Things that Make and Break Our Births
More than eighty designs—iconic, archaic, quotidian, and taboo—that have defined arc of human reproduction.
While birth often brings great joy, making babies is a knotty enterprise. The designed objects that surround us when it comes to menstruation, birth control, conception, pregnancy, childbirth, and early motherhood vary as oddly, messily, and dramatically as the stereotypes suggest. This smart, image-rich, fashion-forward, and design-driven book explores more than eighty designs—iconic, conceptual, archaic, titillating, emotionally charged, or just plain strange—that have defined the relationships between people and babies during the past century.
Each object tells a story. In striking images and engaging text, Designing Motherhood unfolds the compelling design histories and real-world uses of the objects that shape our reproductive experiences. The authors investigate the baby carrier, from the Snugli to BabyBjörn, and the (re)discovery of the varied traditions of baby wearing; the tie-waist skirt, famously worn by a pregnant Lucille Ball on I Love Lucy, and essential for camouflaging and slowly normalizing a public pregnancy; the home pregnancy kit, and its threat to the authority of male gynecologists; and more. Memorable images—including historical ads, found photos, and drawings—illustrate the crucial role design and material culture plays throughout the arc of human reproduction.
The book features a prologue by Erica Chidi and a foreword by Alexandra Lange.
Luz Argueta-Vogel, Zara Arshad, Nefertiti Austin, Juliana Rowen Barton, Lindsey Beal, Thomas Beatie, Caitlin Beach, Maricela Becerra, Joan E. Biren, Megan Brandow-Faller, Khiara M. Bridges, Heather DeWolf Bowser, Sophie Cavoulacos, Shoshana Batya Greenwald, Robert D. Hicks, Porsche Holland, Andrea Homer-Macdonald, Alexis Hope, Malika Kashyap, Karen Kleiman, Natalie Lira, Devorah L Marrus, Jessica Martucci, Ginger Mitchell, Mark Mitchell, Aidan O'Connor, Lauren Downing Peters, Nicole Pihema, Alice Rawsthorn, Carmen Winant, Brendan Winick, Flaura Koplin Winston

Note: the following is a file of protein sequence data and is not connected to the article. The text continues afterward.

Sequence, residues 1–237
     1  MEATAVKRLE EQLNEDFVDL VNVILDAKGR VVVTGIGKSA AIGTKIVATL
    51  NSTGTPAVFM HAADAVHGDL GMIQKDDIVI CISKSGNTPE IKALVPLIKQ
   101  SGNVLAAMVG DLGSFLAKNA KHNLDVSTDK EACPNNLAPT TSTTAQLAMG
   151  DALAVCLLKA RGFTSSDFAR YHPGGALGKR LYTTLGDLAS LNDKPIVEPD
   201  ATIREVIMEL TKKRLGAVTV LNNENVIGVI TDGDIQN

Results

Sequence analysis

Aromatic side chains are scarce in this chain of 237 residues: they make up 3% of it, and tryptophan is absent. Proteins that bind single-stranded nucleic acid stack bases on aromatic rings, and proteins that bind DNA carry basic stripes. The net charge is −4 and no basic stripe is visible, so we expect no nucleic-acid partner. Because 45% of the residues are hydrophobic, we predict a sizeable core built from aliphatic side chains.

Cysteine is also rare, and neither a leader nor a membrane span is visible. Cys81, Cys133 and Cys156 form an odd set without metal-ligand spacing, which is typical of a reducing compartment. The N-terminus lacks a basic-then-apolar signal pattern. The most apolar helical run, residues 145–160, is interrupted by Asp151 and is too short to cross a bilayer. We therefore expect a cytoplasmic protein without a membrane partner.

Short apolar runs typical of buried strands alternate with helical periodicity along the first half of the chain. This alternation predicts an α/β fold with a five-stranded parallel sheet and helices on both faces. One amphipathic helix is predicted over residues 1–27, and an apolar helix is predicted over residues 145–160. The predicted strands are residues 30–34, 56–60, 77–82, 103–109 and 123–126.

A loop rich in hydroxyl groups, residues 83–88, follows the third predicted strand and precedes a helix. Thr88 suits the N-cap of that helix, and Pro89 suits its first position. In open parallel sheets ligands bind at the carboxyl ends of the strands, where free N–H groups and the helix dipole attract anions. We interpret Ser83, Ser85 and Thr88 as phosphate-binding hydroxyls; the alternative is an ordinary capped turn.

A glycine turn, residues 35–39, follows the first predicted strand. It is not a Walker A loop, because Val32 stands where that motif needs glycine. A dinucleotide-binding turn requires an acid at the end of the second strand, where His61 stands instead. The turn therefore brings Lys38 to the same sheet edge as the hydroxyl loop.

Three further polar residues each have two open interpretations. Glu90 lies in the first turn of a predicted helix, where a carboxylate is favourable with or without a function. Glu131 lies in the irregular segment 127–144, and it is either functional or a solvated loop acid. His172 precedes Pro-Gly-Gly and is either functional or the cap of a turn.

Hardcover$44.95 T ISBN: 9780262044899 344 pp. | 7 in x 10 in 125 color illus.
"The provocative new book and exhibition series, “Designing Motherhood: Things That Make and Break Our Births,” makes the case that there is a whole world of objects pertaining to women, mothers and pregnant people that have been overlooked from the perspective of form and function, and unstudied in terms of how their designs came to be."
New York Times Arts
“I believe it is a work of major significance to design studies but also to feminism, gender studies, and cultural history. It certainly doesn't take an expected view of what constitutes 'design.'”
Senior Curator of Contemporary Design, Cooper Hewitt, Smithsonian Design Museum; Betty Cooke and William O. Steinmetz Design Chair, Maryland Institute College of Art
“This area of public inquiry is rarely addressed in the fields of social work, public health and public policy, so to have this accessible yet rigorous body of knowledge published will be important for elevating these issues. We believe the text to be extremely well researched and nuanced in its handling of sensitive issues; for example, those related to the impact of racism and white supremacy on the history of women's health.”
Karen Pollack, Executive Vice President of Programs and Operations, and Bette Begleiter, former Deputy Executive Director, Maternity Care Coalition
“In addition to being the first book of its kind to collect this particular design history, it also serves as an important lesson on ways to extend disciplinary boundaries, furthering an expanding design discourse. The text is an education, not just at the nexus of design and motherhood but also on the very practice of approaching design's history—one that involves care, delicacy and the voice of the multiple.”
Curator, London Design Museum
“I cannot praise this volume too highly: it is a breakthrough book and an impressive cultural marker of understanding and enlightenment. It has no peer on its subjects, to my knowledge: future academic and popular writers will have to cite this work.”
Senior Consulting Scholar, William Maul Measey Chair for the History of Medicine; Director Emeritus, Mütter Museum/Historical Medical Library